Former UEFA president Michel Platini has been arrested over the awarding of the 2022 World Cup.
French legend Platini, 63, was elected in 2007 and served as president until 2015 when he was banned by the FIFA Ethics Committee for a series of breaches.
Mediapart claim Platini was taken into custody on Tuesday morning as part of the investigation into the awarding of the World Cup to Qatar.
He is said to have been taken to the premises of the Anti-Corruption Office of the Judicial Police (OCLCIFF).
Qatar was named as the hosts of the World Cup in December 2010 but there have been a number of controversies regarding their suitability.
Allegations of corruption and bribery within FIFA raised questions over the legitimacy of the bid from Qatar.
Former vice-president Jack Warner claimed an e-mail had been publicised amid allegations Qatar had ‘bought’ the Wold Cup – although the bid team have denied any wrongdoing.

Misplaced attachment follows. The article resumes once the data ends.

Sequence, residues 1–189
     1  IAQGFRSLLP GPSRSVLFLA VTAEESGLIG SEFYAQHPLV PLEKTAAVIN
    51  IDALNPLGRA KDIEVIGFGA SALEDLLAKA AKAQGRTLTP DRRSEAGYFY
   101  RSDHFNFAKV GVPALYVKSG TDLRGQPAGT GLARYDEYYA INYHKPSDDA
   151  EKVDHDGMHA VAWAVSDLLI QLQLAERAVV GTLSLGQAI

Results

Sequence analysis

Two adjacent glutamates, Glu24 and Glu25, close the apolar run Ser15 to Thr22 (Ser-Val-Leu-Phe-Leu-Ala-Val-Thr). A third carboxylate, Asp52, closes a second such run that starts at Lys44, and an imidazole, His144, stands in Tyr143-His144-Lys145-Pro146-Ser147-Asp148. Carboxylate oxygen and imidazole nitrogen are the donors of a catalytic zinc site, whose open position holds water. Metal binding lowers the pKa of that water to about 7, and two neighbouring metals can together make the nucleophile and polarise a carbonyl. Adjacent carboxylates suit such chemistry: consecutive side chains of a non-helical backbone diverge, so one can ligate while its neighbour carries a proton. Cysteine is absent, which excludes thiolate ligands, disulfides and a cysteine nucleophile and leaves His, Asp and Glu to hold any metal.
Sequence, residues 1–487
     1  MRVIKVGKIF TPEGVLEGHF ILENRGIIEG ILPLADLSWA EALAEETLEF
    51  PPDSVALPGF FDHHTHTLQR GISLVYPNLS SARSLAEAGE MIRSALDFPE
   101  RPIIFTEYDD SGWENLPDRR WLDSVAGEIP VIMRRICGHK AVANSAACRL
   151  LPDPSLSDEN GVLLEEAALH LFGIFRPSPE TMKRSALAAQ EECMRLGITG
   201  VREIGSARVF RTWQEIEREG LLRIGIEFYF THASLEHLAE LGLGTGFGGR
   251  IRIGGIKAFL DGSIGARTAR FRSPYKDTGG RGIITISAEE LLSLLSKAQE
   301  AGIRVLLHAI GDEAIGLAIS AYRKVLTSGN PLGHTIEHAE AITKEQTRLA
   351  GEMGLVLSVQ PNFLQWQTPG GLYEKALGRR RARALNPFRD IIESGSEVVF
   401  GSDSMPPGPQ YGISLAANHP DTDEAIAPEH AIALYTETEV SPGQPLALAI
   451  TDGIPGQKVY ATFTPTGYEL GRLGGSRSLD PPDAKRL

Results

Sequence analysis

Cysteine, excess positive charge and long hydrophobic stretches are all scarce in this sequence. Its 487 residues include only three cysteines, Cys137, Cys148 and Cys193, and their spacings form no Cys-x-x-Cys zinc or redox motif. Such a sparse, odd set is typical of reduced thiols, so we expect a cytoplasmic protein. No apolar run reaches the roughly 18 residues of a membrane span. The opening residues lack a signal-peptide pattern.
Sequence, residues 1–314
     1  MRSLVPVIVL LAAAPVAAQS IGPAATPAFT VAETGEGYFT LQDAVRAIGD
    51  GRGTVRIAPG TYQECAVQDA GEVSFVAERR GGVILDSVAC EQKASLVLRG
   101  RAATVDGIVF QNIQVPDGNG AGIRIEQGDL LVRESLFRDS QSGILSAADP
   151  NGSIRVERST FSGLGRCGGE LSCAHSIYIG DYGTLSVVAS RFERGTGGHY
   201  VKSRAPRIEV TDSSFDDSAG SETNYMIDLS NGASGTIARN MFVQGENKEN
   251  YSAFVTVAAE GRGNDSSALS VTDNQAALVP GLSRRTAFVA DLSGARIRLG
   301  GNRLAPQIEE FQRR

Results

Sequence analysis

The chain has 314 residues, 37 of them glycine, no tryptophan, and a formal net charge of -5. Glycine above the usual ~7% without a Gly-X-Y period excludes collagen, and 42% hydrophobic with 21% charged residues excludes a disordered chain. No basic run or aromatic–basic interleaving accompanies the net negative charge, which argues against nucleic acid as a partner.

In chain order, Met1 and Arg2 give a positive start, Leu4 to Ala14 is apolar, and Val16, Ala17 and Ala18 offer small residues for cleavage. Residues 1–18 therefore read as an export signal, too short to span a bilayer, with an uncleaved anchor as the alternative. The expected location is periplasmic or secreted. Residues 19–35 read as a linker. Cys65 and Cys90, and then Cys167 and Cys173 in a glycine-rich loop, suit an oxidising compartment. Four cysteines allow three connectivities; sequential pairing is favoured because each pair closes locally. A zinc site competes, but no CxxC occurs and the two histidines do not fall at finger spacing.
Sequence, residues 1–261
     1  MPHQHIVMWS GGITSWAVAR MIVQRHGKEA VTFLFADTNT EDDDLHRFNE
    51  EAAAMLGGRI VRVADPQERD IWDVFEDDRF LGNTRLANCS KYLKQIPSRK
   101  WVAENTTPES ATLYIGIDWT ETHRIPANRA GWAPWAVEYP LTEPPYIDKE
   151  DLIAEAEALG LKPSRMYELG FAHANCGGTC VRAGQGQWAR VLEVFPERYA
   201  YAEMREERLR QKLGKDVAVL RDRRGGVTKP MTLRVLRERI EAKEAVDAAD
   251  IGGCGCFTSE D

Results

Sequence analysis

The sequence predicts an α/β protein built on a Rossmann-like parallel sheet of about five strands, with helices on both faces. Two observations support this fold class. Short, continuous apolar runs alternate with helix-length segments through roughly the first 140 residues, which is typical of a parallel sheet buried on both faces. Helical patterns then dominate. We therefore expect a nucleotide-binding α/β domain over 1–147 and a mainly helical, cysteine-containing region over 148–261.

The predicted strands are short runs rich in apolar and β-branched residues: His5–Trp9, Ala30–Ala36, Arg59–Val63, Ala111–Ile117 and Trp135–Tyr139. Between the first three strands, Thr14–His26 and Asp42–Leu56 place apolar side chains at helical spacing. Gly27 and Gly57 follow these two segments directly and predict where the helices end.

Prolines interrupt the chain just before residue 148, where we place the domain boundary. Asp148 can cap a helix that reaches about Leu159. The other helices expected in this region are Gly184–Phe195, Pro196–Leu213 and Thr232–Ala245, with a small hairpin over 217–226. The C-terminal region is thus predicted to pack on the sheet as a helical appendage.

Of the 22-man FIFA executive committee who voted on the host nations of the 2018 and 2022 World Cups, 10 have been banned or are serving a ban for corruption breaches.
Platini was tipped to succeed Sepp Blatter as FIFA president in 2016 before both were banned from football from four years.
The Frenchman was banned for receiving a £1.35m payment from FIFA on Blatter’s orders and has served three-and-a-half years of a four-year ban.
He claimed last year that he had been cleared by Swiss judges and is taking legal action over defamation and false accusation.
After being cleared, Platini had said: ‘I will come back – where, when, how? It is too early to tell. But I will come back to football.’
There have also been issues regarding migrant workers’ rights in Qatar with estimates that up to 4,000 may die before the start of the tournament.
During his playing days, Platini was crowned Ballon d’Or winner three times in a row between 1983 and 1985.
The Frenchman made his name with Nancy and also enjoyed spells with Saint-Etienne and Juventus.
He was also part of the French side that won the European Championships in 1984.